Outriders servers were down, but appear to be back online and gamers can finally enjoy playing the hot new game. However, players launched frustrated attacks on the developers during the outage.
The game launched on 1 April, but – no April fool – the servers severely struggled as players scrambled to get online.
Over the weekend, tweets on the official Outriders Twitter page have given regular updates on the status of the servers and whether they were down, with clear instructions on how to best get online.
As of 4 April, the servers were “fine” and the game had its highest number of concurrent players.
A full cache clear, on both PC and consoles (by resetting it), appears to fix the issue, though wait times are still up to 10 minutes.
The developers have been diligently working over the weekend to ensure the online shooter is playable and many fans have thanked them on social media for their hard work and dedication.
However, there’s also been a barrage of negativity and abuse thrown at the developers.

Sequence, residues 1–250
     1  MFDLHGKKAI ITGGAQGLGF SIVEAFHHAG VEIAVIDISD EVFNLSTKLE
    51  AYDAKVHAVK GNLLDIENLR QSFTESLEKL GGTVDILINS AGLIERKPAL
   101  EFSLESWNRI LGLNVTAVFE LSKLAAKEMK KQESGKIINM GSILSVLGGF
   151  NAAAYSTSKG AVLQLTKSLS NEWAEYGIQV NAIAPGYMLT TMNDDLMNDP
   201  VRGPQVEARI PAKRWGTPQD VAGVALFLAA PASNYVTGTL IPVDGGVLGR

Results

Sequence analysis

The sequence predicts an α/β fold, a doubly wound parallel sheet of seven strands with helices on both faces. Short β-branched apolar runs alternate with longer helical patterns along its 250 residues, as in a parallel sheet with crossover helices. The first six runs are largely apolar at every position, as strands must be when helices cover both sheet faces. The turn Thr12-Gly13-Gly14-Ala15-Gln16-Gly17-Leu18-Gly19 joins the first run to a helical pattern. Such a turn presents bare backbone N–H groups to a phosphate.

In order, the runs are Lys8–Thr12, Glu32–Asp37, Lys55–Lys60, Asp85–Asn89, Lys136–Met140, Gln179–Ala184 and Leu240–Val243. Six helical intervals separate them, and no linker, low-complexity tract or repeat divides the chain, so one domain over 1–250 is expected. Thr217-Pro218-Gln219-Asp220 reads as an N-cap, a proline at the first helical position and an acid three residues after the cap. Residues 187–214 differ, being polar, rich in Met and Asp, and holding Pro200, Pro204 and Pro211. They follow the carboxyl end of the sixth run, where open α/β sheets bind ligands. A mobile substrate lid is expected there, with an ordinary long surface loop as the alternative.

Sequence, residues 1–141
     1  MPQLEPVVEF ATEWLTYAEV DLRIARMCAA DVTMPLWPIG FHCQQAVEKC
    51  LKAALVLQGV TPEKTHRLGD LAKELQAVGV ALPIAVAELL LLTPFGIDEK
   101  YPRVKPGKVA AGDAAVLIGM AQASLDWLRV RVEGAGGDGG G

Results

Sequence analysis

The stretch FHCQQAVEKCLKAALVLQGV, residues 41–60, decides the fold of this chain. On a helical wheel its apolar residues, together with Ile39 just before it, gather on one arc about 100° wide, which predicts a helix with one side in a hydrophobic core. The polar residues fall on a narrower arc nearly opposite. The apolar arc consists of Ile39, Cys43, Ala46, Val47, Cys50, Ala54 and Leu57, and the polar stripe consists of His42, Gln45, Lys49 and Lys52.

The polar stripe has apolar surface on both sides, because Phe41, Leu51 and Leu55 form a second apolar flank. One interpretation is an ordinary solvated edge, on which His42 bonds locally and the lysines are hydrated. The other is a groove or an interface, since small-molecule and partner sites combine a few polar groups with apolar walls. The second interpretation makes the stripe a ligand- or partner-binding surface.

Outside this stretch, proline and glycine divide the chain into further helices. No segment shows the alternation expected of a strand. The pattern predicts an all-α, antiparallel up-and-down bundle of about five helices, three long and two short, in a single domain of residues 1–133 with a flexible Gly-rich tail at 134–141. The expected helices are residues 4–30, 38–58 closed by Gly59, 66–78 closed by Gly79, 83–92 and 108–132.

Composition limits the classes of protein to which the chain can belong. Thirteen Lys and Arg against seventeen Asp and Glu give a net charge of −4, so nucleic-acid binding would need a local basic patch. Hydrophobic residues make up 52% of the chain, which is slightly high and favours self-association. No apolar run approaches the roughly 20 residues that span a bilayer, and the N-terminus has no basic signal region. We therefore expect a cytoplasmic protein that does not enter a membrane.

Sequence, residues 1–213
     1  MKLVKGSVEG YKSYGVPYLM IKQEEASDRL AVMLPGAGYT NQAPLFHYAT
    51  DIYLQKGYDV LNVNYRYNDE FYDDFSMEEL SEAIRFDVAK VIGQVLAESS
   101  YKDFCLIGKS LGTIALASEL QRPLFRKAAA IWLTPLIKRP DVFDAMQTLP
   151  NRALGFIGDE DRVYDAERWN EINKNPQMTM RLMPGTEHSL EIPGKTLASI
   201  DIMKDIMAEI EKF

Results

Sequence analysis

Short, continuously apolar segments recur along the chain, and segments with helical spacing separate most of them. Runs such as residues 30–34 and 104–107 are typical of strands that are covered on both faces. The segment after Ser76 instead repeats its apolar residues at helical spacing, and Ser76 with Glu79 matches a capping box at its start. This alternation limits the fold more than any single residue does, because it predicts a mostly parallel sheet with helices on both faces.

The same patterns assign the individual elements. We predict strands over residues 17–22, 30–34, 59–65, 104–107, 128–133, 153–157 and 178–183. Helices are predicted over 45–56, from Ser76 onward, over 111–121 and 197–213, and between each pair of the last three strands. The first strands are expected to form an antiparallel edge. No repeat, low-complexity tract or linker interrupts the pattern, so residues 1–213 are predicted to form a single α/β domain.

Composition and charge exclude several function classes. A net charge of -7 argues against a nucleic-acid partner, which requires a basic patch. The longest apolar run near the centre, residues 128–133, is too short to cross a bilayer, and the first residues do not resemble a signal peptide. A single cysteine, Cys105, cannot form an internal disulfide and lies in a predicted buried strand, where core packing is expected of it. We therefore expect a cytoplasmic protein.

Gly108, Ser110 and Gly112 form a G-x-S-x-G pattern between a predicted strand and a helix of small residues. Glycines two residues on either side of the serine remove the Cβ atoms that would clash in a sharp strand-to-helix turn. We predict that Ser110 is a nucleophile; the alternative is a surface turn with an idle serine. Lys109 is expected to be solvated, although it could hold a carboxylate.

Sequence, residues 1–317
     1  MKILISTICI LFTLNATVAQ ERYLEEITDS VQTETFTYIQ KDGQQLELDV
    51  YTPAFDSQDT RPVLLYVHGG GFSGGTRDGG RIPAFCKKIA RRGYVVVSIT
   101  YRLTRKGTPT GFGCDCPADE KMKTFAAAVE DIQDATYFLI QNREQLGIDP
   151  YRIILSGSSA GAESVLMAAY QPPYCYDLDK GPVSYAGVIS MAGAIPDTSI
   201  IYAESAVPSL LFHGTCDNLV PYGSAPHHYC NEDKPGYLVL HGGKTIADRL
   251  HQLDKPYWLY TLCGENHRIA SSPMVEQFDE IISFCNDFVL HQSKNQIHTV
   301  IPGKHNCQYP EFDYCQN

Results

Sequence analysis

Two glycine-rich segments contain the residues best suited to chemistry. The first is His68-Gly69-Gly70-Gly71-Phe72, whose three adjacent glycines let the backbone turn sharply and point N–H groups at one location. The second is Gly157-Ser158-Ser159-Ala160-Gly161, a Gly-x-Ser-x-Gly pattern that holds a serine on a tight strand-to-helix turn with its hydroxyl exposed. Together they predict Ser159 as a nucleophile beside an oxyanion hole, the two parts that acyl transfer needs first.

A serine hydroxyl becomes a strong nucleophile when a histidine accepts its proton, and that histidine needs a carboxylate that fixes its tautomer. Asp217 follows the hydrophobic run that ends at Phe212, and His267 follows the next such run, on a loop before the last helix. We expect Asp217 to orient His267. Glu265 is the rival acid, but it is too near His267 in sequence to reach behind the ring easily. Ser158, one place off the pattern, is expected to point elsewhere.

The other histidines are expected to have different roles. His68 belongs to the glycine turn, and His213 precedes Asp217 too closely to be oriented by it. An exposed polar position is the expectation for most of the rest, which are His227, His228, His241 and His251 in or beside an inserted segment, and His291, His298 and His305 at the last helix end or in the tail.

Some gamers blamed the inclusion of the game on Xbox’s Game Pass from launch as a cause of issues. The paid subscription service allows users to access a whole host of games often at launch, proving Microsoft’s dedication to the service. The perception from some gamers, though, is that the Game Pass users have less right to play a game than others who buy a copy outright.
The situation with Outriders is just the latest example of game community managers receiving abuse.
Game designer Daley Kong, who worked as a CM on Rare’s Sea of Thieves, posted a thread on Twitter discussing the Outriders news.
“The replies give me major flashbacks to when I launched Sea of Thieves with a team of CMs at Rare,” she said.
“The abuse we got was so damaging that Rare hired in a psychologist to give us group therapy.
“Seriously. Disgusted by people. You cause real harm.”
She went on to note how many CM’s burn out and leave due to the amount of abuse from gamers on social media.
“Even if you log off work, they still find your personal accounts and abuse you there,” she said.
“You can block, but you still have the knowledge that people are trying to get to you to yell at you about something you have no control over, when you’re just trying to make some dinner.”
With so many games launching online – least of all during a pandemic – there are bound to be teething issues. Abusing the developers on social media is not the answer.
Despite the issues, the player response to Outriders has been mostly positive.
Check out a trailer for the game below.